Does everyone that starts continue to play until they are out of chips or they make the final table? Everyone that drops out before they are out of chips would reduce the final chip count.

Well pots aren’t raked, but tournaments also do not guarantee that the chip values correspond to \$ amount of winnings either. I don’t know how common this is but I’ve seen things like \$500 buy-in, everybody gets 10000 chips. Winner gets 120000 chips, which correspond to a prize of \$5k, house pockets \$1k.

They do use special chips that don’t look at all like regular chips. They are still sometimes stolen though. Why? In a tourney players will be given \$10k in fake chips to start. This is true for a \$200 or a \$5000 buy-in tourney. These chips have a lot more value in the \$5000 tourney. Cheaters will hold back some chips at a \$200 tournament (and lose early in the tournament) and at a later date sneak them back in their stack at a high stakes tourney.

In standard tournament play, all chips remain until the end. But most tournaments are not winner-take-all.

Let’s say you start out with 1000 people with 1000 chips each. There should still be 1,000,000 chips at the end. The winner of the tournament would end up with 1,000,000 chips, but not win the entire prize pool. More like 15-20% for a big tourney like this.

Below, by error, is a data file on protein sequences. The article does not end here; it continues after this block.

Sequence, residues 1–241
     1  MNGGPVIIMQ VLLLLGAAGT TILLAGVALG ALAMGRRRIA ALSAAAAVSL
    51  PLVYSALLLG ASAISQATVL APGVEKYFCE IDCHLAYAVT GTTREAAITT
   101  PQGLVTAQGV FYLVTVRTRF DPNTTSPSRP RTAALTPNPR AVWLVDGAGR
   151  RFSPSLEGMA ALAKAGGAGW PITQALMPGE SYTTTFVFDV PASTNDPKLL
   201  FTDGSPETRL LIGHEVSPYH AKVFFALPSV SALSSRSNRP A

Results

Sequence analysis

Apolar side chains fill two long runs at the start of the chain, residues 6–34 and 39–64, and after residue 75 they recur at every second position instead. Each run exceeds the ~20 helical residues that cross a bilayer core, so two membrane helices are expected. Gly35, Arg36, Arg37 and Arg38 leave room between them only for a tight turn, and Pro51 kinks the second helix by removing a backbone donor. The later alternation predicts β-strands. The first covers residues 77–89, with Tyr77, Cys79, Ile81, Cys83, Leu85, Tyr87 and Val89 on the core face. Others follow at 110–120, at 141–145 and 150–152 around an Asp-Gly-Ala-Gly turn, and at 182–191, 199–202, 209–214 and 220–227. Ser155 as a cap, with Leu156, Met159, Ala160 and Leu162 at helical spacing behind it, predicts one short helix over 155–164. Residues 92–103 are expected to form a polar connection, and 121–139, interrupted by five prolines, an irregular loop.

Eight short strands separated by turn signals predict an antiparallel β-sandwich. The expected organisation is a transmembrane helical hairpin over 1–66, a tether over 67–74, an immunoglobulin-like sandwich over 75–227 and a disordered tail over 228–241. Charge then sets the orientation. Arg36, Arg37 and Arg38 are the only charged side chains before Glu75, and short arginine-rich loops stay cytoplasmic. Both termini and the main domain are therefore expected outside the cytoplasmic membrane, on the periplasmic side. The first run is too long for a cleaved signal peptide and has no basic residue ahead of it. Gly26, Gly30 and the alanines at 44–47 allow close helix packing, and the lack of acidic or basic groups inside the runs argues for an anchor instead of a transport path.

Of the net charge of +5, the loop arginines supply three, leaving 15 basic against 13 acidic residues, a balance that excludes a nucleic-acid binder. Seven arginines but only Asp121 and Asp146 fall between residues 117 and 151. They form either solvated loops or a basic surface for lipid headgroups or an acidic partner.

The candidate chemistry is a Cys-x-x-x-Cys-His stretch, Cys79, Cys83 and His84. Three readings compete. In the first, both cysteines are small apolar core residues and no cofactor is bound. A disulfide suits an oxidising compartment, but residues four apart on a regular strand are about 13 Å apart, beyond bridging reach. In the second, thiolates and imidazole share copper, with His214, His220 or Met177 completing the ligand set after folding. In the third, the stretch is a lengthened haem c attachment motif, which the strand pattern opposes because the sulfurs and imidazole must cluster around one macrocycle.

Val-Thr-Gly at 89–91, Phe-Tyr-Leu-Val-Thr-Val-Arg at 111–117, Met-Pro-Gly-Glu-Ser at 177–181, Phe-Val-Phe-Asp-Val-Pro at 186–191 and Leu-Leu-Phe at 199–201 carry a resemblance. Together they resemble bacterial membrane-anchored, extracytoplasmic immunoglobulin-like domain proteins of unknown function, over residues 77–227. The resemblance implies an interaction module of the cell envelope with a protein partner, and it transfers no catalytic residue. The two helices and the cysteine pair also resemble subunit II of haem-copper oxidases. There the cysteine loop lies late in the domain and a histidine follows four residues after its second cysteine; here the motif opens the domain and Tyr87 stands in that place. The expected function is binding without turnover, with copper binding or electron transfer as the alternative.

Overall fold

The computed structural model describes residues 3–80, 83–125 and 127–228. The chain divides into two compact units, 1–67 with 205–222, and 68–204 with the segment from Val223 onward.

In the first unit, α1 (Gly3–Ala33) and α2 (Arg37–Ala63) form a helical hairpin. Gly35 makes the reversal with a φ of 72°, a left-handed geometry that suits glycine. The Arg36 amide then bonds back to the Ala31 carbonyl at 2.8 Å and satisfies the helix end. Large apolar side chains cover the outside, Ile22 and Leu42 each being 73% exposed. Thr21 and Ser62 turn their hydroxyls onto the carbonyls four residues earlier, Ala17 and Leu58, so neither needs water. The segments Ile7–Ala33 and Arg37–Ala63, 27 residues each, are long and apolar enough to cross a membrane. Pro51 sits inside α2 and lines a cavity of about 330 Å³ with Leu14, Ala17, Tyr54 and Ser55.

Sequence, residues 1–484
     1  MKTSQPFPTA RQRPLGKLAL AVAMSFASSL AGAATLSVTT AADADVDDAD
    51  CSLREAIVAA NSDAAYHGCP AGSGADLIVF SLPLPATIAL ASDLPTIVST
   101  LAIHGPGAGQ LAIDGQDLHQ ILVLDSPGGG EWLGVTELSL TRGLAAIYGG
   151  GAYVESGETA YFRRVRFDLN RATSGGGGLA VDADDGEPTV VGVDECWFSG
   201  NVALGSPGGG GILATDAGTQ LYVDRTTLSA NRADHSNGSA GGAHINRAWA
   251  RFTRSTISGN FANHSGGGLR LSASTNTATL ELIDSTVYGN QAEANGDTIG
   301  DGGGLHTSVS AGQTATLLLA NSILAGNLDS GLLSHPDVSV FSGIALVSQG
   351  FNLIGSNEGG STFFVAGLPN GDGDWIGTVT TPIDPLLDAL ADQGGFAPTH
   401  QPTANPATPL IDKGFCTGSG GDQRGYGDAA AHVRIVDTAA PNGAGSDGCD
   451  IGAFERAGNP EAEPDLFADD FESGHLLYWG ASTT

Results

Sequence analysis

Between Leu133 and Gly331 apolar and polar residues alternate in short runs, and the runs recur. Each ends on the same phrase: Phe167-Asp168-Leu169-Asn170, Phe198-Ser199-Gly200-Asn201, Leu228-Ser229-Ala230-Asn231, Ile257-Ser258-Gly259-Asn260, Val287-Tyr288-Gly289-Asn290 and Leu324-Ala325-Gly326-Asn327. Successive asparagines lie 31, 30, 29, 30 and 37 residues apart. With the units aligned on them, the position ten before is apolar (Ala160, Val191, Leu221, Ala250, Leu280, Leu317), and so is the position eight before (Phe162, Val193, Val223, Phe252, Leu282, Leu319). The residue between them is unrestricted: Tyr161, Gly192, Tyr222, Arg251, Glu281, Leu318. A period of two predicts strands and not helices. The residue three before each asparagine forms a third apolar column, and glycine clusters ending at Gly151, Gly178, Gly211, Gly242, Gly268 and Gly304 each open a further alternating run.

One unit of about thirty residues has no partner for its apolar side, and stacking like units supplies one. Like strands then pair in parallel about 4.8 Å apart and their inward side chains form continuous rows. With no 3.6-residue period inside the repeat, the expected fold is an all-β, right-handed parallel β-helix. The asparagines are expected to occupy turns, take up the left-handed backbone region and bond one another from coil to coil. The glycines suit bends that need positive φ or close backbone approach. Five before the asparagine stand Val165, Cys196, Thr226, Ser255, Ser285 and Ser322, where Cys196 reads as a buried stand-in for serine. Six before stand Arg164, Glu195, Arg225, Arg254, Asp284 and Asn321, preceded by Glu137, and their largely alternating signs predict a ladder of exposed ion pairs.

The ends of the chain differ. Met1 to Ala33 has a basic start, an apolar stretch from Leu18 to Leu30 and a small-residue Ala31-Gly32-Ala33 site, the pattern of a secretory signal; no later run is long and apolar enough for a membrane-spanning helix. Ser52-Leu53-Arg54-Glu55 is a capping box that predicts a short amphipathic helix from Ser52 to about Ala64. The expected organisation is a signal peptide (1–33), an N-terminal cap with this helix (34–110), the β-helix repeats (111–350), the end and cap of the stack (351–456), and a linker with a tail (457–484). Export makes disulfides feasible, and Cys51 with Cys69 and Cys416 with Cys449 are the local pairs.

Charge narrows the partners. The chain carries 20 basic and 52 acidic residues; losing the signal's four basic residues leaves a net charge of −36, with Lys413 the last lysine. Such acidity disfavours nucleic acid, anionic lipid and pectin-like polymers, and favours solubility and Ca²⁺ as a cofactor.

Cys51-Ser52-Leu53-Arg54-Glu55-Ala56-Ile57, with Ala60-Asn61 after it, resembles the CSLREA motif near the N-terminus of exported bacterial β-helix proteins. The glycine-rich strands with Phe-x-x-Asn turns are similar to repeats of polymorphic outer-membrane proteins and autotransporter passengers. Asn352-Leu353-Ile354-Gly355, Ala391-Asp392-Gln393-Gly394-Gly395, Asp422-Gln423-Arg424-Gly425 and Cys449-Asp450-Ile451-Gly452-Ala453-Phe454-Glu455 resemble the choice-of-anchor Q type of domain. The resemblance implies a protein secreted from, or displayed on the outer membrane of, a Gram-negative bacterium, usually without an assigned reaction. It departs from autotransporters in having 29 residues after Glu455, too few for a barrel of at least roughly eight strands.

I see no reason why a play-money tourney should be run any differently. Perhaps the OP can tell us the site this happened on, as well as some specific numbers (and/or hand histories) to give us an idea what he’s talking about.

FTR, I have never experienced this phenomenon in any on-line tourney I’ve ever played in.

You say the tourney is limited to 1800 people, but do that many actually play? I have no idea how popular these things are and if reaching the player number limit is a given.

Nobody has answered the most important question, why would anyone play for fake money?

I asked The Man and below

BarnOwl: Not a complaint - just asking for understanding. Why is it that the total of chips won in a typical Hold 'Em tourney is not equal to the sum total of the chips - \$10,000 worth - given to each player?
Leo: Often times when the blinds go up, smaller denomination chips get taken out of play. As in live play the odd chips are removed from play and it’ll lower the total number of chips in play
BarnOwl: That’s the only way the amount is lowered?
Leo: Yes
BarnOwl: Okay, Thank you